They were never part of the trade union movement. In the labor–management schism that afflicted workers in their millions, the likes of Manuel E. Arguilla and Edgardo M. Reyes sifted through this amalgam of discord and carried with them faces, voices, and stories—always, stories.
Online reading of Manuel E. Arguilla tells that he was born in Barrio Nagrebcan in Bauang, La Union on June 17, 1911.
The son of a farmer–father and a potter–mother, his interest in writing started in his high school years in San Fernando, where he became editor–in–chief of the La Union Tab, the first regularly issued printed high school paper, published in 1923.
From his home in La Union, he would travel to Manila to graduate with a degree in Education at the University of the Philippines in 1933. In the four years it took him to earn his degree, he became a member and later president of the UP Writer’s Club and editor of the Literary Apprentice.
It was also during this time that Arguilla married writer and painter Lydia Villanueva who had taken up Journalism at the UP.
He taught creative writing at the University of Manila and worked as managing editor of the Bureau of Public Welfare’s Welfare Advocate.
Arguilla would write stories about the men and women that peopled his childhood in Barrio Nagrebcan, Bauang, La Union. And by 1940, he won first prize in the Commonwealth Literary Contest with his widely anthologized short story, “How my brother Leon Brought Home a Wife.”
He also wrote stories about the working man and the man of the soil. In “Caps and Lower case,” Arguilla writes about the sad plight of an overworked, underpaid proofreader.
“Rice” is story about the exploitation of rice tenants in Hacienda Consuelo and the conflict that unravels when hunger forces its tenants to take extreme measures.
Still, it is in “The Socialists” that Arguilla creatively presents the ideological differences between city–bred, bourgeoise activists and politicized peasant leaders. It is a satire of ideology and commitment set against armchair revolutionaries and the farmer–tenants of Hacienda Consuelo.
The story, published in 1937, was written at a time when trade unionism was at its height in the Philippines.
Edgardo M. Reyes was only six years old when the Second World War started in 1942.
During this time, Manuel Arguilla had taken a step further from being a writer to being a patriot and later, a martyr.
He and his wife had secretly established a guerilla intelligence unit against the Japanese.
In 1944, Arguilla was captured and beheaded by Japanese authorities. But his stories continue to enamor writers and students of literature over the years.
For Reyes, writing was not something he learned in school—at least, in the beginning.
A 2008 interview with Reyes by poet–essayist Romulo P. Baquiran, Jr. said that Reyes had become a breadwinner in his family at age 14. He was the youngest of seven children.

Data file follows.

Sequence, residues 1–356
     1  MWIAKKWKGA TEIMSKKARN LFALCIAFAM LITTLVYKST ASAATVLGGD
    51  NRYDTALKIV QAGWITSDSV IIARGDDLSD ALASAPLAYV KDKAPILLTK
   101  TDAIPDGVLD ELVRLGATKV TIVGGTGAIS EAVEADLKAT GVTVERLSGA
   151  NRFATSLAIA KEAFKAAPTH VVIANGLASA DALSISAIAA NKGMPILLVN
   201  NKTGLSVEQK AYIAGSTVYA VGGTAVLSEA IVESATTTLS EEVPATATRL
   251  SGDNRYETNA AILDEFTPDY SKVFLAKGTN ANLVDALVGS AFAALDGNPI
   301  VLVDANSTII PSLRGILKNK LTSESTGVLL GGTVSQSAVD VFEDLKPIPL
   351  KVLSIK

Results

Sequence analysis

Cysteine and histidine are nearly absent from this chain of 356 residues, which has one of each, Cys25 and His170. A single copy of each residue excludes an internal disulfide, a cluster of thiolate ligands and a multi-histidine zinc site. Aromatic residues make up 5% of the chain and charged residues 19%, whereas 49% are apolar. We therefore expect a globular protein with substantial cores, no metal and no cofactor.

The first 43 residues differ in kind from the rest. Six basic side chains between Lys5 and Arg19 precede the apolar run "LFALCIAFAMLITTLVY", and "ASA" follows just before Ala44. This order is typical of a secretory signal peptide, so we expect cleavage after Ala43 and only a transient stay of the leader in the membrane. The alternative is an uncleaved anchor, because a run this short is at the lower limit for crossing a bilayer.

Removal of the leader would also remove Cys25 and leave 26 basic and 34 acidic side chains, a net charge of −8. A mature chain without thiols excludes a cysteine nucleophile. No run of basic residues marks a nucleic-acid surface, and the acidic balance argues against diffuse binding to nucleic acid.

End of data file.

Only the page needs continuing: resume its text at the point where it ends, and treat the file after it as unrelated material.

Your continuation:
He earned for his keep and supported his family by making artesian wells. In later years, Reyes took on various jobs to make ends meet.
He worked as short story writer, novelist, magazine and newspaper editor, screen writer, cartoonist, radio commentator, film director, university professor, graduate school lecturer at the Ateneo de Manila University and the University of the Philippines, Palanca awardee, Famas awardee, UP writer in residence.
Reyes finished high school in 1956 at the Bohol Central College, a Manila–based school located at Recto. He took up Commerce at the University of the East but stopped after about two months.
According to Baquiran, Edgardo M. Reyes is one of the leading lights of the 1970s group of writers, known as Agos sa Disyerto. This group included Efren Abueg, Dominador Mirasol, Rogelio Ordoñez, Edgardo Reyes at Rogelio Sikat, who wrote about realism.
Writers from this milieu said: young writers do not write only to entertain, but also to educate and mobilize society.
Edgardo M. Reyes’ defining work on the working class and impoverished Filipinos is in his almost autobiographical novel, “Sa mga Kuko ng Liwanag (In the Claws of Light).”
The story revolves around Julio Madiaga, a poor fisherman who comes to Manila in search of his childhood sweetheart Ligaya Paraiso, who was taken to the Manila by a Mrs. Cruz to work and study in the city. In his search, Julio experienced the cruelty of the city—the hunger that befell the jobless, the hardship of working in a construction site, until one day, he unwittingly kills someone. In time, he finds Ligaya and learns that the girl has been a victim of white slavery and that Mrs. Cruz had sold her to a Chinese trader. Julio and Ligaya plan to escape but is unsuccessful in their attempt. Julio dies in the hands of a mob.
It is in the poignantly nuanced stories of the worker, the poor, and the oppressed that Arguilla and Reyes show to us a harsh, unfeeling world that breeds fighting men and women, moving to make themselves free.